A lot of devotionals today give advice on how to fit God into our busy lives. With such hectic schedules it truly is a challenge to “make time” for spiritual things. We try to systematize discipleship and devotion into something efficient and streamlined so as to get the maximum return for our time.
But the more I think about it, I am growing convinced that we have it backwards. God’s processes are not instant or quick. In fact, sometimes they seem quite inefficient. Instead, His molding and shaping is a life-long process, and His hand works in slow, steady ways that would be easy to overlook if we are moving too quickly.
The fact is that while the human pace of life has increased drastically in the past 100 years or so, God remains unchanged.
And I wonder if we’ve missed the boat by trying to cram God into our busy lives, instead of adjusting our lives to accommodate the ways of God.
I am reminded of the story of Elijah up on Mount Horeb, waiting for the Lord to appear. (1 Kings 19:11–13) First a tornado came by, then an earthquake, then a fire. But God was not in any of those things. Instead, a “gentle whisper” (NIV) or a “gentle blowing” (NASB) indicated the arrival of the Lord of the Universe. The Hebrew word actually denotes silence or stillness.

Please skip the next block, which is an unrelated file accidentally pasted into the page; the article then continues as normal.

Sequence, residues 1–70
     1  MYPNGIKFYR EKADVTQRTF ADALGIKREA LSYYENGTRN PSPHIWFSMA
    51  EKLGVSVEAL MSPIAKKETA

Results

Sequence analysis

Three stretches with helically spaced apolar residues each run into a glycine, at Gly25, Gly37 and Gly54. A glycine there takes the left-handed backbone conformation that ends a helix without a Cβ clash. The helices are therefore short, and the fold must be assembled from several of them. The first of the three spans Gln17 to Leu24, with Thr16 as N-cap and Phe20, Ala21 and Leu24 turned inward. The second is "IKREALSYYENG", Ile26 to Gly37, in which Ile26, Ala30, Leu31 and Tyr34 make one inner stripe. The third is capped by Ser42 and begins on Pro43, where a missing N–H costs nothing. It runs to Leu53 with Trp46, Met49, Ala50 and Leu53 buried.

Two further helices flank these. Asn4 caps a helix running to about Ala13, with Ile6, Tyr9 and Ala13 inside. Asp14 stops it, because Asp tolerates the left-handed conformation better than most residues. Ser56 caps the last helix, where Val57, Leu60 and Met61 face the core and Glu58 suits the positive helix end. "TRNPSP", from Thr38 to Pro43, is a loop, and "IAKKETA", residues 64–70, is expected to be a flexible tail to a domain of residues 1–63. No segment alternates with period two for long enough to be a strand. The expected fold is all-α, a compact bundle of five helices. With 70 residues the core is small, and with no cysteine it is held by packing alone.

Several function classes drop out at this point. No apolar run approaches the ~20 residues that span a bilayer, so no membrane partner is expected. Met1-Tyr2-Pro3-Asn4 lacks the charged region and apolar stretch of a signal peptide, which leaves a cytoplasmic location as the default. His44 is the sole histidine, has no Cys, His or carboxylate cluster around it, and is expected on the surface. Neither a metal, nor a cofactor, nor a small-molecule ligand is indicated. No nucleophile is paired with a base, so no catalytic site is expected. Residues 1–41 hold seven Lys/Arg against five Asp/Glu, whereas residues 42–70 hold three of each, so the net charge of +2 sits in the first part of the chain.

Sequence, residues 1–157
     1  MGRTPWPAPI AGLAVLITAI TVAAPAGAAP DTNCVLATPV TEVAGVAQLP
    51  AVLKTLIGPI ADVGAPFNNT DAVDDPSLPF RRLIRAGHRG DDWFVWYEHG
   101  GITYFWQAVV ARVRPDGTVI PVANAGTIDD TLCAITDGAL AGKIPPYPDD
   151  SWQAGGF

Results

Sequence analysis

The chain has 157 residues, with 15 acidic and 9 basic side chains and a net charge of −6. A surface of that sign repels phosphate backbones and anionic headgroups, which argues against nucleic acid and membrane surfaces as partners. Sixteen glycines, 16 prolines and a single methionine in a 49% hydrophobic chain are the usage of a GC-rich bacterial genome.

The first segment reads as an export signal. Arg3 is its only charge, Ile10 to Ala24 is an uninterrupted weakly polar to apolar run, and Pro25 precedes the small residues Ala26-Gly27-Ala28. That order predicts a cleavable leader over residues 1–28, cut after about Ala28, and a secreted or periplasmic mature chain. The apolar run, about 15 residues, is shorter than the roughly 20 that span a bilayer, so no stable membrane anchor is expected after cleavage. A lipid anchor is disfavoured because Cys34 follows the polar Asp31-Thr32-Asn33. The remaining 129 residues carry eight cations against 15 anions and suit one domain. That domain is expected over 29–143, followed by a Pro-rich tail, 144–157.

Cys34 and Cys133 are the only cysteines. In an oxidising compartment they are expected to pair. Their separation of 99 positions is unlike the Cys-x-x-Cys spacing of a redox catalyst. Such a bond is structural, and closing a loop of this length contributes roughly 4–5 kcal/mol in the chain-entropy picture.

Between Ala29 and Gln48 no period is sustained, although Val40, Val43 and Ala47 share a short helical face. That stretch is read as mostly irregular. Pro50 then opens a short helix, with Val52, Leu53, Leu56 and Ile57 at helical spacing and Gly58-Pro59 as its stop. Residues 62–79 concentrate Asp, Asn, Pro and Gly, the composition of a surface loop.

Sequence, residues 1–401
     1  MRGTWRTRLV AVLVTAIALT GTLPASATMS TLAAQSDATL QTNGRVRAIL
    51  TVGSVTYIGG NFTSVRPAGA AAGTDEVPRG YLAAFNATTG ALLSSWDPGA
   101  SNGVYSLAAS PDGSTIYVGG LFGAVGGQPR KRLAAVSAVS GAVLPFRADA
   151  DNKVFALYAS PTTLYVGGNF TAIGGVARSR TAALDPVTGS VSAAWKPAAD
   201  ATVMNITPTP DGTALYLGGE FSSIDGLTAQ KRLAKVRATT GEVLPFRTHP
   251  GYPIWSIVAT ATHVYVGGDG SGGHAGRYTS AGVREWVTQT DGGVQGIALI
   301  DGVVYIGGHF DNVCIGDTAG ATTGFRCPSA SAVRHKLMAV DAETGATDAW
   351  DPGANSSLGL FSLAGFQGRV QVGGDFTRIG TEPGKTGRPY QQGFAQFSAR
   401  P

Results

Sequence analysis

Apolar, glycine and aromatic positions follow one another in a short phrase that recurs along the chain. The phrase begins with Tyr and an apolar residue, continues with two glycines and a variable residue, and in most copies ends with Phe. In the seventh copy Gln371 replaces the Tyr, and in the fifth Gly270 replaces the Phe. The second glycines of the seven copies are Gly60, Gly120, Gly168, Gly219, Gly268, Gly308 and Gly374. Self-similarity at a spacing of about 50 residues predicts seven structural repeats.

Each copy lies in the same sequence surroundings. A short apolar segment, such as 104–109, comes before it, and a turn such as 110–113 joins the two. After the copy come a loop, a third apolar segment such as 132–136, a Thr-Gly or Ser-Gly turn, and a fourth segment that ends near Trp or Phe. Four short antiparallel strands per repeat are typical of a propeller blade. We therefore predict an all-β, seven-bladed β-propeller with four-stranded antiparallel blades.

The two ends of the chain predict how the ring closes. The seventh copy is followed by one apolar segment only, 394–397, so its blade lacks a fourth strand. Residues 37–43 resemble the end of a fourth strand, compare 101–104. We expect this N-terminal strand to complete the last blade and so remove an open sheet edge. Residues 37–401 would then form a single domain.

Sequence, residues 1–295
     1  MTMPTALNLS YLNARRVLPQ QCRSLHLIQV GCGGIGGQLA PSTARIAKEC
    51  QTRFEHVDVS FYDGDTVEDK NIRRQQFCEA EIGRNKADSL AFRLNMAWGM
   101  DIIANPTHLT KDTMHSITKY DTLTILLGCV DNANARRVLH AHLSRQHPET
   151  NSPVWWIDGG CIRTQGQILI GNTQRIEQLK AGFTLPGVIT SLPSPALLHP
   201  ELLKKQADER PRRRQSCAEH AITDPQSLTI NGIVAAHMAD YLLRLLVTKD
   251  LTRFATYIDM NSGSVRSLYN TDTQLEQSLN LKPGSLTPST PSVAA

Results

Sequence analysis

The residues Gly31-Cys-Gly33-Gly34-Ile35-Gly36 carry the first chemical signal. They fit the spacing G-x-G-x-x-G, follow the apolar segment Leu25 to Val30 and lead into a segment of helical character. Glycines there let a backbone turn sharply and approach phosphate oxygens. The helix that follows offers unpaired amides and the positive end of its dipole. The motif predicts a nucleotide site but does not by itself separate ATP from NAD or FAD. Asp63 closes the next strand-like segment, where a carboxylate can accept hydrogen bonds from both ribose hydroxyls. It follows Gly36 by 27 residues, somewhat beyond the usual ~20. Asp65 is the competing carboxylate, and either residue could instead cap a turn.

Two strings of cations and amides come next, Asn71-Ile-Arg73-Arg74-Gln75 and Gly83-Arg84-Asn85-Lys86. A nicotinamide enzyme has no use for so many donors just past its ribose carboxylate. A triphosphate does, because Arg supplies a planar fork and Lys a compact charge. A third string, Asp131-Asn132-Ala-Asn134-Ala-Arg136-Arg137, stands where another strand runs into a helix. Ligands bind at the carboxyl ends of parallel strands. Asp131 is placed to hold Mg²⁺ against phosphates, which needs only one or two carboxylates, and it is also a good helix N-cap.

Similarly, the Hebrew word for Spirit also indicates breath or wind. This makes Jesus’ comparison of the Spirit to the wind in John 3 a delightful play on words and food for deeper thought.
Although God sometimes moves in dramatic, earth-shattering ways, His Spirit is more likely to come to us as a whisper, a breath, a gentle wind. If we are constantly running, making our own “wind” as it were, we are likely to miss the gentle moving of our God in our lives and in this world.
Throughout the centuries people have followed Christ at great personal cost, as discipleship demanded that they often lived out of step with the rest of society. Could it be that in this generation, the sacrifice we are being asked to make is to slow down and still ourselves? Are we willing to radically alter our lives in order to become more aware of the gentle, quiet Breath of God?